Study Guide

The White Darkness What's Up With the Epigraph?

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What's Up With the Epigraph?

The mind is its own place, and in itself
Can make a Heaven of Hell, a Hell of Heaven
John Milton, Paradise Lost

What's up with the epigraph?

Geraldine McCaughrean knows nothing kicks off a book quite like quoting Satan. (Well, technically the epigraph was written by John Milton, but it's something Satan says in Paradise Lost.) The quote itself is about subjectivity and how much in life is interpreted according to your state of mind.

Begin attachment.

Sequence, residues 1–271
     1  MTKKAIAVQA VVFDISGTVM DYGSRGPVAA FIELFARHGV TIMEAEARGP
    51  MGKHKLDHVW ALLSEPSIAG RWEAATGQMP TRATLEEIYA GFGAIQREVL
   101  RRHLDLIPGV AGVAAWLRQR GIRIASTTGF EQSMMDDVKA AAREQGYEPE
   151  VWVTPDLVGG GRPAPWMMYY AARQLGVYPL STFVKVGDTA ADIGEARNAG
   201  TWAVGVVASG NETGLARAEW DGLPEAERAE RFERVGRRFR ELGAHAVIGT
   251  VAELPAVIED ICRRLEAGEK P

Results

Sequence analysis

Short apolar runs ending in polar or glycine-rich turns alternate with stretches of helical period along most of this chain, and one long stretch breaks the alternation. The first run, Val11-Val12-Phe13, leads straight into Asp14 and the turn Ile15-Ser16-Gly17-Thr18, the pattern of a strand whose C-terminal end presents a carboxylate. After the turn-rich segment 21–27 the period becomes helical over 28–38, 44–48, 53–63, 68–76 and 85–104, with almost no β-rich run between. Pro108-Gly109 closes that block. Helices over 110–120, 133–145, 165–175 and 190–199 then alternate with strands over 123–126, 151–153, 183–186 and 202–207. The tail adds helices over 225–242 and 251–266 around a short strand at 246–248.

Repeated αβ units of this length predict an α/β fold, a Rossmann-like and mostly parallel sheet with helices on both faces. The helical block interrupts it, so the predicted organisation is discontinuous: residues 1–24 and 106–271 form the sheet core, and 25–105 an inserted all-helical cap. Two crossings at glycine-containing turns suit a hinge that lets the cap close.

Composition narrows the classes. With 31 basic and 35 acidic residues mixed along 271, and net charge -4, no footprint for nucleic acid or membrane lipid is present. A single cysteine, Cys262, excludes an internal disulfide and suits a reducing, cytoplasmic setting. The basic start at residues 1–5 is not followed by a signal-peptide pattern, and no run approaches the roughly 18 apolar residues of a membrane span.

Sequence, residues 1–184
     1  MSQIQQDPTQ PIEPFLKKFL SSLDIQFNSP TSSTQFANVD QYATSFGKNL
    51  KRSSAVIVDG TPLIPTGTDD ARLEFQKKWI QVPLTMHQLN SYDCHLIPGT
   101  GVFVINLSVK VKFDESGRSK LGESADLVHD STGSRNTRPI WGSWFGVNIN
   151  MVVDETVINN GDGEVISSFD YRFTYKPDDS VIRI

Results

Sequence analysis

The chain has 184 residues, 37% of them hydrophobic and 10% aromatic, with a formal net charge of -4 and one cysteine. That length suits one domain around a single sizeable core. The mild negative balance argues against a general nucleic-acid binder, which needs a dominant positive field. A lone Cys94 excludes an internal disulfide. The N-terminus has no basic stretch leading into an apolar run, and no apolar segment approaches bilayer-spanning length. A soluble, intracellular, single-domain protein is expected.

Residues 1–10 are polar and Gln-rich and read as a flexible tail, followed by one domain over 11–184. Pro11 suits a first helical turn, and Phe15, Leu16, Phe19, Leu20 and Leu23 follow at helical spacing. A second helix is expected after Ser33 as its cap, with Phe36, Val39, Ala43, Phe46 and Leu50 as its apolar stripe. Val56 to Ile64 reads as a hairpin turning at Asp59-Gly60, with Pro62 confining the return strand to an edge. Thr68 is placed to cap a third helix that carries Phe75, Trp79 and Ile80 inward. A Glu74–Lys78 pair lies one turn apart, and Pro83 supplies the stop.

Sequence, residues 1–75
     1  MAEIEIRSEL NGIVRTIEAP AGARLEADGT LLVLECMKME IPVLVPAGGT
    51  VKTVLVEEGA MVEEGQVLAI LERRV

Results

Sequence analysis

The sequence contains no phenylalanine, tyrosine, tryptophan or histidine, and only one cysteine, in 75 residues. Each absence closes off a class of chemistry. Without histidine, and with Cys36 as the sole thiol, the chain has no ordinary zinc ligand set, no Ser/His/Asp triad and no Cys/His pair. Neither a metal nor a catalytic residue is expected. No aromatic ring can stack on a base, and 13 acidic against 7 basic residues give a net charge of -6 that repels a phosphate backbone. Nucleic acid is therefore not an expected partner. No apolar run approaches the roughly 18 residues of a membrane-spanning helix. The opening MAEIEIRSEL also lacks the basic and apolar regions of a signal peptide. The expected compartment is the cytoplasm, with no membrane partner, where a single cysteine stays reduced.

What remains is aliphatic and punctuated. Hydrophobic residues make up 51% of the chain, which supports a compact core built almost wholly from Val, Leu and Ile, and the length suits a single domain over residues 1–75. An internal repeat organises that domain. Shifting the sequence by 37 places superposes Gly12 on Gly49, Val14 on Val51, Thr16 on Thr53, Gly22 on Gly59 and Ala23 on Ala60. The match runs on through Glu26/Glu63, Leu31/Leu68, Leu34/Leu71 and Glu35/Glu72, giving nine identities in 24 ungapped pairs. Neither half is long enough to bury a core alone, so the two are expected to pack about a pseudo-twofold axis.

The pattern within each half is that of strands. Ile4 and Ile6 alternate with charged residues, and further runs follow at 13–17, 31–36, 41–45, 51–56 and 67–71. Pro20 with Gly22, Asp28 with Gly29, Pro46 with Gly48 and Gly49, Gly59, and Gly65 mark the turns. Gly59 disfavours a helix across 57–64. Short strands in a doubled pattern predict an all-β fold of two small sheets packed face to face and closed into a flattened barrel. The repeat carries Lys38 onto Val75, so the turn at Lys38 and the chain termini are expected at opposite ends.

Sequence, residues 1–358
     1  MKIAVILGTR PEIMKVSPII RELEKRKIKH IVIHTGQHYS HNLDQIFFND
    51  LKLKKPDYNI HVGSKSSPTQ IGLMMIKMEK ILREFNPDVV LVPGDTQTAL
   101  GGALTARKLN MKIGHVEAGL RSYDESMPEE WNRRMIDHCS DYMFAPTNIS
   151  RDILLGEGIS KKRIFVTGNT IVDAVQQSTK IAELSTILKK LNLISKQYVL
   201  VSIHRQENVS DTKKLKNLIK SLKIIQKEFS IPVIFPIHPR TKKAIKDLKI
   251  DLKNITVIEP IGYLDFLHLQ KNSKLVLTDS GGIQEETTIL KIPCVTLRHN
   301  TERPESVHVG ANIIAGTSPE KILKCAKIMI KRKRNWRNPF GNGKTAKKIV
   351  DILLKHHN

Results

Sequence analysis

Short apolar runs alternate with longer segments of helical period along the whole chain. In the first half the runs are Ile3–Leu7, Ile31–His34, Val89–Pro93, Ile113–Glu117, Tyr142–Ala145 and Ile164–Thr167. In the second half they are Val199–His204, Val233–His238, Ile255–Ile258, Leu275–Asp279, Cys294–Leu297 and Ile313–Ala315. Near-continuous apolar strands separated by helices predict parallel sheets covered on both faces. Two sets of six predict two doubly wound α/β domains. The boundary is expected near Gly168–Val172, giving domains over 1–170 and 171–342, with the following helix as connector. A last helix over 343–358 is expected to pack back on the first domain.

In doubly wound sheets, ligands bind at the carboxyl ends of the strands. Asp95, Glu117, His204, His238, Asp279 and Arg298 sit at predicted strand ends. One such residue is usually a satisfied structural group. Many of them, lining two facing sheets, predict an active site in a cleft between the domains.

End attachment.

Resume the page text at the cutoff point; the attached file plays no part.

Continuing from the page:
This is especially relevant to Sym, the protagonist in The White Darkness, who is an introvert that lives inside her own head as much as she inhabits the external world. Sym sees imagination as a positive force in her life that makes difficult situations seem more bearable. But in some ways, her imagination is also the author of a lot of unnecessary negativity; often Sym is too self-conscious (and self-critical) for her own good. Plus, part of her mind picks up on Victor, Manfred, and Sigurd's shadiness, as evidenced by Titus's comments, but a bigger part of her mind pushes these clues aside in favor of a rosier picture.

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